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Bo's doctor to examine Williamson MondayPitcher Mark...


Bo's doctor to examine Williamson Monday

Pitcher Mark Williamson said yesterday that he will fly to Birmingham, Ala., Monday to have his inflamed right elbow examined by noted sports physician Dr. James Andrews, who lists Bo Jackson among his patients.

Williamson, who has been on the disabled list since April 16, has experienced pain in the elbow since he began throwing from the mound recently.

Team doctor Charles Silberstein recently discovered bone chips Williamson's elbow and told manager Johnny Oates that the 32-year-old long reliever could be lost to the club for four to 10 weeks.

Love that pitching

Mike Mussina, tonight's starter, and Ben McDonald, who beat the Minnesota Twins, 6-2, Wednesday night, are 4-0, marking the first time the Orioles have had two starters with 4-0 records since 1971, when Jim Palmer went 5-0 and Dave McNally was 4-0. McNally lost his next start that season.

The team had three pitchers -- Mussina 11th, McDonald ninth and Rick Sutcliffe eighth -- ranked in the American League's top 11 in ERA before last night's game. McDonald and Mussina should move up since Sutcliffe gave up four runs last night to boost his ERA to 3.08.

The Orioles haven't had three starters in the top 10 in ERA since September 1983, when Scott McGregor was third, Mike Boddicker was fourth and current Oriole Storm Davis was 10th.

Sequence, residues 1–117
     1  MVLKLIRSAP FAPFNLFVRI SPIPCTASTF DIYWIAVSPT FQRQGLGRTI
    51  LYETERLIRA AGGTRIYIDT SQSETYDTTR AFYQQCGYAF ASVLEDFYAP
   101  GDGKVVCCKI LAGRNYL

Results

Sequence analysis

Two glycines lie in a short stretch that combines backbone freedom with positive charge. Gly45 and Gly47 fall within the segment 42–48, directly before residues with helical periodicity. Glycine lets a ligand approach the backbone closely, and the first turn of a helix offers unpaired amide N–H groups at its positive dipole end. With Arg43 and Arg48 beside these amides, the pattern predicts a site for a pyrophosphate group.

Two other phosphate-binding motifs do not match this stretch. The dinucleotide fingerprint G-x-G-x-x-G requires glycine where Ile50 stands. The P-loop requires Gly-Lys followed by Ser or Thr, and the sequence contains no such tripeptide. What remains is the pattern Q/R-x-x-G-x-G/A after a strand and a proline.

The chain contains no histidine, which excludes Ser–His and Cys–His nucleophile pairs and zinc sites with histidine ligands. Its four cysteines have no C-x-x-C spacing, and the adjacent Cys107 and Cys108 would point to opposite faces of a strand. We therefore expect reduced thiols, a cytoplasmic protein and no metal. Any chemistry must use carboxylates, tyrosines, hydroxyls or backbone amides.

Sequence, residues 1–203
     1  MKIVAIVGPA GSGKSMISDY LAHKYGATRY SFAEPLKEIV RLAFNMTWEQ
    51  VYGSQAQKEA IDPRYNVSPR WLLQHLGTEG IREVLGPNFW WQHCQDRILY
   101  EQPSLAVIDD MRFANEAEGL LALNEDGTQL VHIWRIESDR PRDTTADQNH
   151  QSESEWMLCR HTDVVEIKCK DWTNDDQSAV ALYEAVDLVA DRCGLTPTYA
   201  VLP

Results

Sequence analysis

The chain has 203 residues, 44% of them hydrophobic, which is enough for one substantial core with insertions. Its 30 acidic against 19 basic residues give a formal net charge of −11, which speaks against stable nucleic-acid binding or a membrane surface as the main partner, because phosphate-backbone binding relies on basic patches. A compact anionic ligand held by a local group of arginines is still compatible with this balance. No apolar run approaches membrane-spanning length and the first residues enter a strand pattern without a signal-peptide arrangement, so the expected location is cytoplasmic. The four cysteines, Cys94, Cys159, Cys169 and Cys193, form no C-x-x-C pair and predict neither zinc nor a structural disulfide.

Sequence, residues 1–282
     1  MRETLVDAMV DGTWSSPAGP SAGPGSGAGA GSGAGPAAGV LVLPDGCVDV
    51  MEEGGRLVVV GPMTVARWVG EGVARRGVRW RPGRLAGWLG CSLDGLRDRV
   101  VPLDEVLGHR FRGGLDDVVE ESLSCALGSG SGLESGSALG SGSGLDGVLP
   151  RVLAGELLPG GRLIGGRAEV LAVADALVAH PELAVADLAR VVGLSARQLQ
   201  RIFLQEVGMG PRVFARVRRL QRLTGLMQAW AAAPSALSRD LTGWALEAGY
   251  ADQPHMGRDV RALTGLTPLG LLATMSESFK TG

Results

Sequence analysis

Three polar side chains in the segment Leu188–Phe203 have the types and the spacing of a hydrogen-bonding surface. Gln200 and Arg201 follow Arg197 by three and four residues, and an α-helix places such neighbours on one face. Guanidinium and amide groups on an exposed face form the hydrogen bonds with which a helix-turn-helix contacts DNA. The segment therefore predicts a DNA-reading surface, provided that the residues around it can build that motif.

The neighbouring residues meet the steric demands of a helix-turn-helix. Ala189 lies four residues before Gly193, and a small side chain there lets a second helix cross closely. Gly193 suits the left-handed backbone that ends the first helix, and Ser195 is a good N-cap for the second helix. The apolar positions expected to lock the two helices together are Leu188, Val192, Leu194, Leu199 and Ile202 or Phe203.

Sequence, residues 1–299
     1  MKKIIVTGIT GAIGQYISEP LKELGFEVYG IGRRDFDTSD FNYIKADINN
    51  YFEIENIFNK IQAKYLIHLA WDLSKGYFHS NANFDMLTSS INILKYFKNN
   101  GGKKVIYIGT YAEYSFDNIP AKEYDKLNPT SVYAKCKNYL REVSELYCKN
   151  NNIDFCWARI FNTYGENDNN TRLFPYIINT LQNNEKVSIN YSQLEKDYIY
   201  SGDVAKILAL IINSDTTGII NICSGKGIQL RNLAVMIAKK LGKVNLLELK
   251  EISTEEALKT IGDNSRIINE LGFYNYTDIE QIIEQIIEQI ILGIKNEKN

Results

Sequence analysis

When apprised of the fact that Oakland Athletics first baseman Mark McGwire had hit his 14th homer of the year yesterday, Oates

seemed a little less than impressed.

"McGwire finally caught me," said Oates, referring jokingly to the fact that he hit 14 homers, too -- in his 10-year career.

Oates was able to furnish the names of Tom Timmerman, Dick Drago, Milt Wilcox and Ross Grimsley, whom he rents a condominium from in town, as four of his home run victims.

"I guarantee you he [McGwire] doesn't remember all his in a row," said Oates.

The manager recalled that his last homer came against Steve Hamilton in 1980, when Oates was a Yankee, his next-to-last season.

"It was a blast. It landed in the first seat in the front row and it put us up 11-0," said Oates. "But the thing about it is, I caught a shutout. That's the important thing."

Woodling honored

Outfielder Gene Woodling will be inducted into the Orioles Hall of Fame on June 19 at a luncheon at Stouffer's Harborplace Hotel.

Woodling, the 23rd player or manager chosen since the Hall was initiated in 1977, was elected in voting conducted among the Oriole Advocates.

Woodling came to the Orioles from the Yankees in 1955 as part of a 17-player deal and had three different terms of service with the team, two as a player and one as a coach.

In 1959, he was selected Most Valuable Oriole, leading the team in batting average (.300), RBI (77), doubles (22), total bases (200) and walks. In 1960, he led the team in walks for the third straight year and had a .398 on-base percentage.

After retiring in 1962, Woodling returned to Baltimore as a first base/batting coach for four years under manager Hank Bauer.

Tickets for the induction luncheon are $30 and can be purchased by contacting Dick Grubbs at (410) 252-0268.

Love that pitching, Part II

Mussina will attempt to become the 10th starter in team history and the first since McDonald in 1990 to go 5-0.

Orioles starters have worked into the eighth inning or longer in 15 of their 28 games, and have made it to the sixth inning 21 times.

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